The 2019 Nebula Awards

The Nebulas are happening! I mean, they’re happening online, but they’re also happening this weekend, which is very exciting for, say, bloggers with very little else to write about who happen to love the Nebulas anyway. 

After all of last year’s business, it’s kind of nice that the move online is pretty much the only noteworthy wrinkle this year 1.  It’s an unusually strong field, largely untouched by anything but the genuine excitement of some good work.

Which is, you know, nice, given that nothing else right now is going according to plan, and everything is on fire. Way to go, SFWA!

The Ray Bradbury Award for Outstanding Dramatic Presentation

I suppose there’s something to say for the fact that fully two thirds of these are television. I mean, what it says is “there is a whole goddamned lot of television and, proportionally, that increases the number of things that are good 2. The movies are both very good, but probably not awards-worthy. Captain Marvel was well-done, and had a lot of things about it that were fun and worth enjoying, but I’m not sure it makes it to the top tier of the things on offer, even though I’ve spent much more of my time on it versus, say, Watchmen. Avengers: Endgame was, as previously noted, largely a triumph of organizational skill and special-effects teams. While some of the performances were fine, the people that made the movie a triumph definitely weren’t the writers, except in the sense that they had to figure out how to glue all of the pieces together into something that provided a satisfying ending while still allowing for the story to continue. While these are impressive things in a circus-tricks mechanical sort of way, I don’t think they bring the movie into consideration for a writing award 3

That leaves us with the tv shows. Watchmen turned out better than anyone could have expected, and “A God Walks into Ambar” is a fine piece of work, but I feel that it only really works as a lynchpin of the series, and while for some that might not be a disqualifying thing, it is for me here – I generally prefer an episode that can stand on its own 4. Russian Doll’s “The Way Out”, then, falls into the same situation, although it’s also much better. The Mandalorian also worked better than I assumed it would, and while “The Child” is definitely the episode most worth talking about, I actually think it doesn’t work as well as several of the later episodes in the season, and don’t think it’s the best one here. 

It surprises me, then, to say, that in this particular analysis, I’m leaning toward the rightful winner being an episode of Good Omens. I liked the miniseries well enough (and, naturally, adore the book to bits and tatters), but found that most of the deviations didn’t serve the story. One of the places where the differences did add to the experience were in “Hard Times” and its journey through time. It’s a satisfying treatment of the characters, it stands largely on its own, and it’s deeply satisfying both as an entire story and as an entry in the larger series. Well bowled, Mr. Gaiman.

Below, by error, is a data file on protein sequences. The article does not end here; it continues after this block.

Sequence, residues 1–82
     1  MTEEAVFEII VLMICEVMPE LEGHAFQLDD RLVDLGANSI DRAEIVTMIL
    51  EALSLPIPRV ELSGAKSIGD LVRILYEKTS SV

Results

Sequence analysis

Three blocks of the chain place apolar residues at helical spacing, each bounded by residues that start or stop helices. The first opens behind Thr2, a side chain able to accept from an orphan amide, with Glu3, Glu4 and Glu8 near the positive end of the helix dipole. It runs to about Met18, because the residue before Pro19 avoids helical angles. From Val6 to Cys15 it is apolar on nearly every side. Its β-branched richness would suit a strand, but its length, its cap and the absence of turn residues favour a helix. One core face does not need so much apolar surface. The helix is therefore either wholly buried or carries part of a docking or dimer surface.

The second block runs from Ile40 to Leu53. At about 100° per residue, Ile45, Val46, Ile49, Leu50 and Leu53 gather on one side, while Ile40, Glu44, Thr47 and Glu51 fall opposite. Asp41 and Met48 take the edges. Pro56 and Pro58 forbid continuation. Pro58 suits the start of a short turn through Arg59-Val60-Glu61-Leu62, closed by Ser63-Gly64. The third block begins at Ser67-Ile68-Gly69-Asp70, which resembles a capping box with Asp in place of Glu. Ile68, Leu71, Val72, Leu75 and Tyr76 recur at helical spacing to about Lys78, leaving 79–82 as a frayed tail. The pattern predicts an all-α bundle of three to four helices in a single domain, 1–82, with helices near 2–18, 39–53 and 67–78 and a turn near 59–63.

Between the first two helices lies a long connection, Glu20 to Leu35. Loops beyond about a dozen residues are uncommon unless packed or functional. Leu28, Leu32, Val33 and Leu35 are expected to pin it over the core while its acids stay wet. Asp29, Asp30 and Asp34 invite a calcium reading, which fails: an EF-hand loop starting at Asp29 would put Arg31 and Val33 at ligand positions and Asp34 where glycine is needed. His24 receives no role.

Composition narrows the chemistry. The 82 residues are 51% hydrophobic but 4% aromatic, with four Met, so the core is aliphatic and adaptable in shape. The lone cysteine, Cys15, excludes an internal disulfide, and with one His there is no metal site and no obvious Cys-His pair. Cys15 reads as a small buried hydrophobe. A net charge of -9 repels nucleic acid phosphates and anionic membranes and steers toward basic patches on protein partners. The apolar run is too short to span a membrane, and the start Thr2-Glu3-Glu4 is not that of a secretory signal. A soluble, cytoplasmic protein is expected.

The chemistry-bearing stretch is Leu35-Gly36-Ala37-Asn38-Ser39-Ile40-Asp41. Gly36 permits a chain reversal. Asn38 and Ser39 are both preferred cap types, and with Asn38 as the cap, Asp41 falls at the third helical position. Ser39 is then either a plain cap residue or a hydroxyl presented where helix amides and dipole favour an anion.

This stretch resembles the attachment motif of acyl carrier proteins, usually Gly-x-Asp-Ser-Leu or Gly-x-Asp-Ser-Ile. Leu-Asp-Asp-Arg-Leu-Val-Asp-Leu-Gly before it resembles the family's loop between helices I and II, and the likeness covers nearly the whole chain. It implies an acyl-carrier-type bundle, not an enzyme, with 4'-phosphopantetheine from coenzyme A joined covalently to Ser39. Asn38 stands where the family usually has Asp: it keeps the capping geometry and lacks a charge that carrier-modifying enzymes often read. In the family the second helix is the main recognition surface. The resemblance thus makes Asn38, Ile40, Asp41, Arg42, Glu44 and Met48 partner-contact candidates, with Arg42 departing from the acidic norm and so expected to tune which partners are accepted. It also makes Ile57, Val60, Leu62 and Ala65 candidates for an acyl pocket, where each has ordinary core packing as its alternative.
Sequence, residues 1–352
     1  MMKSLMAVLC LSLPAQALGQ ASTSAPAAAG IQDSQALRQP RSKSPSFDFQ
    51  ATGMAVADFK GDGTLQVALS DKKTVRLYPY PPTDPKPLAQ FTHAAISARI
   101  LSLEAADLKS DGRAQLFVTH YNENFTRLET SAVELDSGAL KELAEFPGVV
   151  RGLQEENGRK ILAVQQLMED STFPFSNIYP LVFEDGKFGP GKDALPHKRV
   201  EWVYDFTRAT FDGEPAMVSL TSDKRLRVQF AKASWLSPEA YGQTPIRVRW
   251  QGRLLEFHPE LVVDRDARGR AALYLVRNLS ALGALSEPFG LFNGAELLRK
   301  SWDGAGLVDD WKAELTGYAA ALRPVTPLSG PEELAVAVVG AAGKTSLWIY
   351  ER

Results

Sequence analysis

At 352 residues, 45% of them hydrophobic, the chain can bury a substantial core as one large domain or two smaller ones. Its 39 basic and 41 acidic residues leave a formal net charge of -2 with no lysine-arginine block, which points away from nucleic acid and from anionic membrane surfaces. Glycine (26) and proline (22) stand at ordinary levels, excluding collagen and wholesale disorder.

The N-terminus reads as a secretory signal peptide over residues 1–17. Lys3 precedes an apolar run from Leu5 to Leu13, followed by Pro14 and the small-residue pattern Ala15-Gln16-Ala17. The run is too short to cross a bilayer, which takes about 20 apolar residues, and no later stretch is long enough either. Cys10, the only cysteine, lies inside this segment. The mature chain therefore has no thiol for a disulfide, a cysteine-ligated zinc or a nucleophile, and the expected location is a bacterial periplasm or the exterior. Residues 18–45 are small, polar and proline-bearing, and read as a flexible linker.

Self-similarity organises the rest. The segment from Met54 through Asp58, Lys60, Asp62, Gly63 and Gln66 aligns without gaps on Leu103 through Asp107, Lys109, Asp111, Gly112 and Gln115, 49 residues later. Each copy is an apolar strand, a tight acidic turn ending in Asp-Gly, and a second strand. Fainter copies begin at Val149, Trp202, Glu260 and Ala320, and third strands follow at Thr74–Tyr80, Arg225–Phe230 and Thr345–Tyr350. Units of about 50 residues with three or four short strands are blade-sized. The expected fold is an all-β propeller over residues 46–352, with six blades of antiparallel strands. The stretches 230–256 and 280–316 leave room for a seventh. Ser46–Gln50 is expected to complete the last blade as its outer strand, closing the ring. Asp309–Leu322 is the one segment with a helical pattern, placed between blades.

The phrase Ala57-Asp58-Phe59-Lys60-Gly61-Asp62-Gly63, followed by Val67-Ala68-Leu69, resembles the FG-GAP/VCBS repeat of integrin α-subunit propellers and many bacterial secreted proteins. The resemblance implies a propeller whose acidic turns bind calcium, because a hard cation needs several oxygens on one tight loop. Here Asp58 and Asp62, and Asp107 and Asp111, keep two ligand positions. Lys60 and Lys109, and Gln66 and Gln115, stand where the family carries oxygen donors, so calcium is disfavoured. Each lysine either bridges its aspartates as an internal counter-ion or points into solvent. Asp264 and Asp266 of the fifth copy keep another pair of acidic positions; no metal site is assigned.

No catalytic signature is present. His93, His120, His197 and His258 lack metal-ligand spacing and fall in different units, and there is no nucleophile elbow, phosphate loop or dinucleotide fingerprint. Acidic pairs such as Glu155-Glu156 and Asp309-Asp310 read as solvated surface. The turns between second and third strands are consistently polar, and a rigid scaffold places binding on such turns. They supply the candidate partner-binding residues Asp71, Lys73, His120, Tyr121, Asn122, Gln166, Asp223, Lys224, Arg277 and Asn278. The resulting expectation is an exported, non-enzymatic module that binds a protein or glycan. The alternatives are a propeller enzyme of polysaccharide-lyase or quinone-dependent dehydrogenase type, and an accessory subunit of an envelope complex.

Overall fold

THE RIGHTFUL WINNER: Neil Gaiman, “Hard Times” (Good Omens)

Game Writing

I do not play a lot of games. My game-playing habits could best be described as “boring to outsiders” given how rarely I manage to incorporate new ones. That said, the Fate Accessibility Toolkit is an amazing and much-needed piece of RPG ruleset-incorporation (it provides rules for characters with disabilities), and I’m very much in love with it, even moreso than everything else associated with the Fate rule system, which I love.

THE RIGHTFUL WINNER: Elsa Sjunneson-Henry, Laura Bell, C.D. “Casey” Casas, Lillian Cohen-Moore, Philippe-Antoine Ménard, Zeph Wibby,  Clark Valentine, Jess Banks, Brian Engard, with Mysty Vander, Fate Accessibility Toolkit

The Andre Norton Nebula Award for Middle Grade and Young Adult Fiction

This was a pretty enjoyable field this year, although it didn’t quite rise to the level of the rest of the prose-fiction categories. Carlos Hernandez’s Sal and Gabi Break the Universe is part of the Rick Riordan Presents line, and it’s surprisingly free of the usual mythology content of that line. It’s a fun standalone novel about stage magic, actual magic and occasionally robots that moves well, and comes to some satisfying conclusions, but also suffers a bit from setting up a series that it doesn’t really need.

Yoon Ha Lee’s Dragon Pearl (also a Rick Riordan Presents) is, similarly, a fun space opera flavored with Korean mythology, and while it was fun to read a straightforward adventure story told by Lee (an ONAT favorite), it wasn’t much more than a fun, satisfying read. Greg Van Eekhout’s COG was in a similar vein – it’s another standalone novel, this one about novels and a sinister corporation. The audience for COG skews a little younger, which makes it a little bit harder for me to judge. Rounding out the cool-shit-driven middle of the pack is Henry Lien’s Peasprout Chen: Battle of Champions, the second book in a series 5. It’s more fun to have read than it was to actually read, as it runs into one of the things I really find hard to engage with about YA: it has a protagonist that has to learn every single lesson the hardest possible way, and the narrative has to whack on it every single time. It’s a feature, and it’s probably not intractable for people that are into YA fantasy, but it’s really hard for me to enjoy. Still, it wins points for being admirably weird, and having a genuine twisty ending that I liked.